Help Desk FAQ

Credit reports and scores


How do I get my credit report?

The Fair and Accurate Credit Transactions (FACT) Act entitles you to a free copy of your credit report every 12 months. Each of the three major credit bureaus (Equifax, Experian and TransUnion) are required to provide a copy of your credit report once a year, upon your request, so by staggering the requests it is possible to check your credit report for free once every four months. Requesting your own credit report will not impact your credit or lower your score. You can order your free report at or by calling 877-322-8228. Or you can mail a copy of the downloadable Annual Credit Report Request Form to Annual Credit Report Request Service, P.O. Box 105281, Atlanta, GA 30348-5281. (Note: is the one official source for free credit reports. Other sites promoting free credit reports (such as typically promote and may enroll you in a credit report monitoring or similar service (for a fee). Beware, too, of imposter sites with URLs similar to—sometimes with an intentional typo—that exist to steal your information or install malware on your computer or device.)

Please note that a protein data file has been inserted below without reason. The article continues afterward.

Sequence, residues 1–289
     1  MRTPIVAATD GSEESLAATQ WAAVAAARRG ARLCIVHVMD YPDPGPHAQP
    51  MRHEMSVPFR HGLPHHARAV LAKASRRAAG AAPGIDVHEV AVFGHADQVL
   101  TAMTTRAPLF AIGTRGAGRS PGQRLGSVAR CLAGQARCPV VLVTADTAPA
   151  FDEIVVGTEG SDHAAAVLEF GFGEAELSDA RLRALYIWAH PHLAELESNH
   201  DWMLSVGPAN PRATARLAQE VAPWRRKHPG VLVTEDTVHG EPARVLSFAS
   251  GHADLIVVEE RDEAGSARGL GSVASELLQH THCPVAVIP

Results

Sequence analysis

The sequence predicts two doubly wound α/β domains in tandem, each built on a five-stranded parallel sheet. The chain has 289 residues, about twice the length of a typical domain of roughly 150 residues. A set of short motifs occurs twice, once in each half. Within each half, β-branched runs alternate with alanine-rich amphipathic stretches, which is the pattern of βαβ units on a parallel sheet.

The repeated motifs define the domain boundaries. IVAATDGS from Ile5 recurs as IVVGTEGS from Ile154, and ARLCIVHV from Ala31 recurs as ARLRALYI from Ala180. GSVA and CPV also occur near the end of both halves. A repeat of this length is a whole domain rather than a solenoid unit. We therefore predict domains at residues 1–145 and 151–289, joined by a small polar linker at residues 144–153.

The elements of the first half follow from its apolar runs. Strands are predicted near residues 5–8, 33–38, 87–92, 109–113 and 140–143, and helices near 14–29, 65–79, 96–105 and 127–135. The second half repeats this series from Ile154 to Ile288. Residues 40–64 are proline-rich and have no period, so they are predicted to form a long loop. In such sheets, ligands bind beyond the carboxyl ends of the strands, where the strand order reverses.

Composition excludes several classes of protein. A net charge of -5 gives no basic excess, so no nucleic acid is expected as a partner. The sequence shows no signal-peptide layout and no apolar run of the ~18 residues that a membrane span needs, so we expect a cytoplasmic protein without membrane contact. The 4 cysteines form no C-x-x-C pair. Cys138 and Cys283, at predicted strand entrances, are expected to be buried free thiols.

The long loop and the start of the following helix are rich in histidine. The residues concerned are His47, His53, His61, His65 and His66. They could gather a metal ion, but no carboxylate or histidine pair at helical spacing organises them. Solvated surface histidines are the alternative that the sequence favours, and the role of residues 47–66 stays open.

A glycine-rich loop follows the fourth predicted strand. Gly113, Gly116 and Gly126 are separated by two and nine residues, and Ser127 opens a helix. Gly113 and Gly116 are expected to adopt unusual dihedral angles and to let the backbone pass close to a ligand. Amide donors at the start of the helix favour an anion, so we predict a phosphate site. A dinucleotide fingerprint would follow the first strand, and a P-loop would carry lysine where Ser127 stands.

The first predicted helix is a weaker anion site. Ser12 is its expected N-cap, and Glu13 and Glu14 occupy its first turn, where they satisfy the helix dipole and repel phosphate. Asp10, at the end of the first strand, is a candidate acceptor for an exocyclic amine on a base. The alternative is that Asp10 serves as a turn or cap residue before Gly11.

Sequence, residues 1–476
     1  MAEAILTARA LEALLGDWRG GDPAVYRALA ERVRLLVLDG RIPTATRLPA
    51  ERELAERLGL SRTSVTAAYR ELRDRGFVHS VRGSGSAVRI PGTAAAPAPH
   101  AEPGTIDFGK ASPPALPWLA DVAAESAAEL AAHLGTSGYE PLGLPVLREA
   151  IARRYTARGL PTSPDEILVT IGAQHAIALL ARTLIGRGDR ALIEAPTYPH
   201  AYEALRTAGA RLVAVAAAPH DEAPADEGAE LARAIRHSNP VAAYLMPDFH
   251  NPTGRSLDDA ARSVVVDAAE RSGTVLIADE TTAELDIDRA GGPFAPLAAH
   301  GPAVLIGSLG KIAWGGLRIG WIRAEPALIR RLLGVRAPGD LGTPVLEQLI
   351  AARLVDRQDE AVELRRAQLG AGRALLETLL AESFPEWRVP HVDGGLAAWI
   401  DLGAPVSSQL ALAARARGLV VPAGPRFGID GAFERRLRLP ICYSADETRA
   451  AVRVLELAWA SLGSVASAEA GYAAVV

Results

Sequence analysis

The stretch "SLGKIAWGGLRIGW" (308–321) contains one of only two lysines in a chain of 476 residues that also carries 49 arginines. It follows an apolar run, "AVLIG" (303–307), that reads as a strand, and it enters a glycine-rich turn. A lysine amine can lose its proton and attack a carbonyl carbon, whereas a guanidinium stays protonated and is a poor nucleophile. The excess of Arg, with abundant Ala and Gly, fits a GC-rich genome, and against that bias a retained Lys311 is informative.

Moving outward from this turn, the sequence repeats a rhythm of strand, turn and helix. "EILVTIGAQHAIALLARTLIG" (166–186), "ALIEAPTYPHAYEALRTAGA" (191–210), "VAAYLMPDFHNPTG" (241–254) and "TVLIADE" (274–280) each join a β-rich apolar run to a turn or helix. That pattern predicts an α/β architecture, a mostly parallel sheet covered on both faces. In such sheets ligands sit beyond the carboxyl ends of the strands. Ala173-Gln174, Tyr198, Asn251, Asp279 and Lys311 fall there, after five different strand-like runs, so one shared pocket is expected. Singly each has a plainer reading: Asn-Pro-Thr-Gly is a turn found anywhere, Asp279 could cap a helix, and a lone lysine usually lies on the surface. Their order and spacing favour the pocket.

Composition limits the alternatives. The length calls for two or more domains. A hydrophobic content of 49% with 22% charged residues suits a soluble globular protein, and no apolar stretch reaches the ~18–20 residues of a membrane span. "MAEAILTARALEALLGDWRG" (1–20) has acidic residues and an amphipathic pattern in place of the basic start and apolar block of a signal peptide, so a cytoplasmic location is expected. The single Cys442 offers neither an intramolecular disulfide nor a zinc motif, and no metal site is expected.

You’re also entitled to a free credit report if you’re unemployed and looking for work, are receiving public assistance, have filed a fraud alert, or when someone uses the information in your file to take adverse action against you. This includes denying you credit, a rental home, a checking or savings account, insurance or a job. The company or individual must provide you with a “notice of adverse action,” which includes the reasons you were denied, along with the source of the report (name, address and phone number of the credit reporting agency). The reasons provided for denying your request must be specific—for example, “number of delinquencies in your credit history” or “balances on your revolving accounts are too high.” Request your free report from the source within 60 days of receiving the notice.

If you’re not entitled to a free report, there may be a small fee of around $8 to $10.

Learn more about credit reports in Consumer Action's Credit Reports and Credit Scores and on the Federal Trade Commission’s (FTC) website.





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